Pylos (UK: //, US: /-/; Greek: Πύλος), historically also known under its Italian name Navarino, is a town and a former municipality in Messenia, Peloponnese, Greece. Since the 2011 local government reform it is part of the municipality Pylos-Nestoras, of which it is the seat and a municipal unit. It was the capital of the former Pylia Province. It is the main harbour on the Bay of Navarino. Nearby villages include Gialova, Pyla, Elaiofyto, Schinolakka, and Palaionero. The town of Pylos has 2,767 inhabitants, the municipal unit of Pylos 5,287 (2011). The municipal unit has an area of 143.911 km2.
The bay of Pylos
|• Municipal unit||143.91 km2 (55.56 sq mi)|
|Elevation||3 m (10 ft)|
|• Municipal unit||5,287|
|• Municipal unit density||37/km2 (95/sq mi)|
|Time zone||UTC+2 (EET)|
|• Summer (DST)||UTC+3 (EEST)|
Pylos has a long history, having been inhabited since Neolithic times. It was a significant kingdom in Mycenaean Greece, with remains of the so-called "Palace of Nestor" excavated nearby, named after Nestor, the king of Pylos in Homer's Iliad. In Classical times, the site was uninhabited, but became the site of the Battle of Pylos in 425 BC, during the Peloponnesian War. Pylos is scarcely mentioned thereafter until the 13th century, when it became part of the Frankish Principality of Achaea. Increasingly known by its French name of Port-de-Jonc or its Italian name Navarino, in the 1280s the Franks built the Old Navarino castle on the site. Pylos came under the control of the Republic of Venice from 1417 until 1500, when it was conquered by the Ottoman Empire. The Ottomans used Pylos and its bay as a naval base, and built the New Navarino fortress there. The area remained under Ottoman control, with the exception of a brief period of renewed Venetian rule in 1685–1715 and a Russian occupation in 1770–71, until the outbreak of the Greek War of Independence in 1821. Ibrahim Pasha of Egypt recovered it for the Ottomans in 1825, but the defeat of the Turco-Egyptian fleet in the 1827 Battle of Navarino forced Ibrahim to withdraw from the Peloponnese and confirmed Greek independence.
- a French one, Port-de-Jonc ("Rush Harbour") or Port-de-Junch, with some variants and derivatives: in Italian Porto-Junco, Zunchio or Zonchio, in medieval Catalan Port Jonc, in Latin Iuncum, Zonglon/Zonglos (Ζόγγλον/ς or Ζόγκλον/ς) in Greek, etc. It takes that name from the marshes surrounding the place.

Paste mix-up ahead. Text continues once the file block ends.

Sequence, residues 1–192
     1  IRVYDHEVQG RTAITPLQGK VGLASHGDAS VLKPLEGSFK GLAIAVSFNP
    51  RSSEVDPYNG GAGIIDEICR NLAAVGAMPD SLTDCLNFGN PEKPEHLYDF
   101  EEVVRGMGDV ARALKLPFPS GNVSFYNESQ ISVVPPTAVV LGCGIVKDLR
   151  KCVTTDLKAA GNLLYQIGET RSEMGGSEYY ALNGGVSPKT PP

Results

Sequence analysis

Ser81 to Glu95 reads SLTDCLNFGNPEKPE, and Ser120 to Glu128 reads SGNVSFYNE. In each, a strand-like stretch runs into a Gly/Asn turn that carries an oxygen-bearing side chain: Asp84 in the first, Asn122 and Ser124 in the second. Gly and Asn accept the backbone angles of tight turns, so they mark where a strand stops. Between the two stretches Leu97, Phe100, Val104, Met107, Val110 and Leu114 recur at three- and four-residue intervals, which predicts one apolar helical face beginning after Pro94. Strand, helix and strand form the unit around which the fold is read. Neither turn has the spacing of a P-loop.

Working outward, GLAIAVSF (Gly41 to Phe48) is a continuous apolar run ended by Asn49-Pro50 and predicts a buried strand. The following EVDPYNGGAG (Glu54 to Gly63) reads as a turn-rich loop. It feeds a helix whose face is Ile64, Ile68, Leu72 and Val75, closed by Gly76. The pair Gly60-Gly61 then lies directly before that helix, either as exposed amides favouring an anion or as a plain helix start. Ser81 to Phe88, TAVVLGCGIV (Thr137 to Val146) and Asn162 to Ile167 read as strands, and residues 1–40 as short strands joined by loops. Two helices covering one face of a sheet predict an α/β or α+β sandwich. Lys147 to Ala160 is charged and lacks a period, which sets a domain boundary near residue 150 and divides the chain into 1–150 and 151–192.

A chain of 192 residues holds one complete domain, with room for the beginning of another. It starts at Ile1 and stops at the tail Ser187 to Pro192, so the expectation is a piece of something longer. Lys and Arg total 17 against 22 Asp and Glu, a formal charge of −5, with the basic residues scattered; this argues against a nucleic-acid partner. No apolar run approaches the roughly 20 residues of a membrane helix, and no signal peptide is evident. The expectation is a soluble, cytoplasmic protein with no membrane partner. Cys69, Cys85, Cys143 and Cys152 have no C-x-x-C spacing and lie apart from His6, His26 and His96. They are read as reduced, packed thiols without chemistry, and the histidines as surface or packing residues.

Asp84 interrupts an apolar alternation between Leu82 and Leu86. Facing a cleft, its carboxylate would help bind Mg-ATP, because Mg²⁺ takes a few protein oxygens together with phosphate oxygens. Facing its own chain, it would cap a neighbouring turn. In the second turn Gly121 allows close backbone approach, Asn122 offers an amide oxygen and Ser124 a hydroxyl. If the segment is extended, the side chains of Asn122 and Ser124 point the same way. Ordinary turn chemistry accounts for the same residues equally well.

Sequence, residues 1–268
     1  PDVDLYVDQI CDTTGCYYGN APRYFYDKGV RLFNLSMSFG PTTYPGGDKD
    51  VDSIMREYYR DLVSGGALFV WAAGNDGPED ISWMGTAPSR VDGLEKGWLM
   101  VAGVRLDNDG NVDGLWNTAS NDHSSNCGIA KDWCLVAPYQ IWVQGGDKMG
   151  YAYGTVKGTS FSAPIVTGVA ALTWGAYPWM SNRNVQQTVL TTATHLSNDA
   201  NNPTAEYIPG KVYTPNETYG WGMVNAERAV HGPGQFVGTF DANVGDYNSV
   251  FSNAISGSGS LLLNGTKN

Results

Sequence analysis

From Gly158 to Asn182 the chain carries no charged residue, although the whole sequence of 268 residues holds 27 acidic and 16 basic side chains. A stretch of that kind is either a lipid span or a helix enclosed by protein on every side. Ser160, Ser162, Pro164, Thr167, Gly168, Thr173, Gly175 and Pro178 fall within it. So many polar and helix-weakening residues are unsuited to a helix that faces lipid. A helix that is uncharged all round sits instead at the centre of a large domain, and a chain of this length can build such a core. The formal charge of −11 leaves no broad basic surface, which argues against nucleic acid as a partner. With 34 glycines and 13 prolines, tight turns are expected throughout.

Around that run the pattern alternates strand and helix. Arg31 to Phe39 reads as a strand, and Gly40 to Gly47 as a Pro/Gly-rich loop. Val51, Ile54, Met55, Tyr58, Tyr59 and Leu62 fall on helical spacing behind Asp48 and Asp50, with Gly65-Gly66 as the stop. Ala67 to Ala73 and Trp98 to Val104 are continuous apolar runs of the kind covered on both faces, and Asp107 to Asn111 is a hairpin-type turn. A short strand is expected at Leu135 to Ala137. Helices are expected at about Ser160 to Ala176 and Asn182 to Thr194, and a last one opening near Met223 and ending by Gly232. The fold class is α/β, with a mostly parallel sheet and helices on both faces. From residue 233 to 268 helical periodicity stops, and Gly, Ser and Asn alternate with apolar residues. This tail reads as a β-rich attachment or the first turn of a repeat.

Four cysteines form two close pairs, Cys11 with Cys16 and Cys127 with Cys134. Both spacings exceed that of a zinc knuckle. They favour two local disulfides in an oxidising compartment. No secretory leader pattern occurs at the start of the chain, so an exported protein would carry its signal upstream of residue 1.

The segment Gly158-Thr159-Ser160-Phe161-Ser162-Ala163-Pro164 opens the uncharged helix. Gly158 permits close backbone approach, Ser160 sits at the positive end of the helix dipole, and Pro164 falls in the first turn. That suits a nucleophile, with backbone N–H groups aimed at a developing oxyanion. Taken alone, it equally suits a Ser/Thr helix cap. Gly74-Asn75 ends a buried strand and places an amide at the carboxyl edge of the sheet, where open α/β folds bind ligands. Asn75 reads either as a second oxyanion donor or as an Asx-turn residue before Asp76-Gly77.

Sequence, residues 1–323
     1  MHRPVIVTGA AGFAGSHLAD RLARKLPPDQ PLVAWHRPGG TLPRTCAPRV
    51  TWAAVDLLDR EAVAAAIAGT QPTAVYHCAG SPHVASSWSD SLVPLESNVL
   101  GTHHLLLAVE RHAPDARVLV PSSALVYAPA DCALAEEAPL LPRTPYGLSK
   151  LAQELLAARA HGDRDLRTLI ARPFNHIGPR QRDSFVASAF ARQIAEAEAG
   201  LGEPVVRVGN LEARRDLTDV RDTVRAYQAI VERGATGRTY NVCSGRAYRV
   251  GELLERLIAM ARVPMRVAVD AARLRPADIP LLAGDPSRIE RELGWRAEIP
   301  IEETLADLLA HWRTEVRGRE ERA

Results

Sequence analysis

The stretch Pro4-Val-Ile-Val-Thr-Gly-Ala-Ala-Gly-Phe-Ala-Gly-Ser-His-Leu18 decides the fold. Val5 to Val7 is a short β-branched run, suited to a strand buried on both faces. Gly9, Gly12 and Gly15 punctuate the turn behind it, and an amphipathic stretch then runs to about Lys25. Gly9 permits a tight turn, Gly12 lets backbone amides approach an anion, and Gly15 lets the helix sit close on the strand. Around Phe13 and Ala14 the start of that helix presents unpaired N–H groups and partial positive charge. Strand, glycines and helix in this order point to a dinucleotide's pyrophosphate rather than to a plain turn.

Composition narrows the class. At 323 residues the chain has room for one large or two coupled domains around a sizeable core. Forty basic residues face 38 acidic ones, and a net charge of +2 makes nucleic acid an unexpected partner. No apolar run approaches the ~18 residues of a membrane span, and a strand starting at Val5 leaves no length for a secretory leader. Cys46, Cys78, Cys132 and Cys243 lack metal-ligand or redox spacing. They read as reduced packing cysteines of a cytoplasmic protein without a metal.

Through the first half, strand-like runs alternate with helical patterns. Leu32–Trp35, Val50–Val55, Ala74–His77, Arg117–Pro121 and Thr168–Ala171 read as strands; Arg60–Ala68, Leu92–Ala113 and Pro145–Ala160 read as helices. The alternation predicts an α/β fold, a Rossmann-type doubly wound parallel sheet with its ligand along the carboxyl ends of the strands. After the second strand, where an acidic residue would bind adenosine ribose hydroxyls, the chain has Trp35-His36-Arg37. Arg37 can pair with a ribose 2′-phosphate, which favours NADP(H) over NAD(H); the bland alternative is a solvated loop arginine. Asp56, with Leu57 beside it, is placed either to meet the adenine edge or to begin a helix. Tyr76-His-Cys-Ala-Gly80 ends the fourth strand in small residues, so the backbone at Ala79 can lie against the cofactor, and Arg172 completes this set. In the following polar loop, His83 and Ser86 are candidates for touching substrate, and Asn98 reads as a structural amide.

- a Greek one, Avarinos (Ἀβαρῖνος), later shortened to Varinos (Βαρῖνος) or lengthened to Anavarinos (Ἀναβαρῖνος) by epenthesis, which became Navarino in Italian (probably by rebracketing) and Navarin in French. Its etymology is not certain. A traditional etymology, proposed by the early 15th-century traveller Nompar de Caumont and repeated as late as the works of Karl Hopf, ascribed the name to the Navarrese Company, but this clearly an error as the name was in use long before the Navarrese presence in Greece. In 1830 Fallmereyer proposed that it could originate from a body of Avars who settled there, a view adopted by a few later scholars like William Miller; modern scholarship on the other hand considers it more likely that it originates from a Slavic name meaning "place of maples". The name of Avarinos/Navarino, although in use before the Frankish period, came into widespread use, and eclipsed the French name of Port-de-Jonc and its derivations, only in the 15th century, i.e., after the collapse of the Frankish Principality of Achaea.
In the late 14th or early 15th centuries, when it was held by the Navarrese Company, it was also known as Château Navarres, and called Spanochori (Σπανοχώρι, "village of the Spaniards") by the local Greeks.
Under Ottoman rule (1498–1685, 1715–1821), the Turkish name was Anavarin[o]. After the construction of the new Ottoman fortress (Anavarin kalesi) in 1571/2, it became known as Neokastro (Νεόκαστρο or Νιόκαστρο, "new castle") among the local Greeks, while the old Frankish castle became known as Palaiokastro (Παλαιόκαστρο or Παλιόκαστρο, "old castle").
The soil about Navarino is of a red colour, and is remarkable for the production of an abundance of squills, which are used in medicine. The rocks, which show themselves in every direction through a scanty but rich soil, are limestone, and present a general appearance of unproductiveness round the castle of Navarino; and the absence of trees is ill compensated by the profusion of sage, brooms, cistus, and other shrubs which start from the innumerable cavities of the limestone.
The remains of Navarino, consist of a fort, covering the summit of a hill sloping quickly to the south, but falling in abrupt precipices to the north and east. The town was built on the southern declivity, and was surrounded by a wall, which, allowing for the natural irregularities of the soil, represented a triangle, with the castle at the summit—a form observable in many of the ancient cities of Greece.
Flora and faunaEdit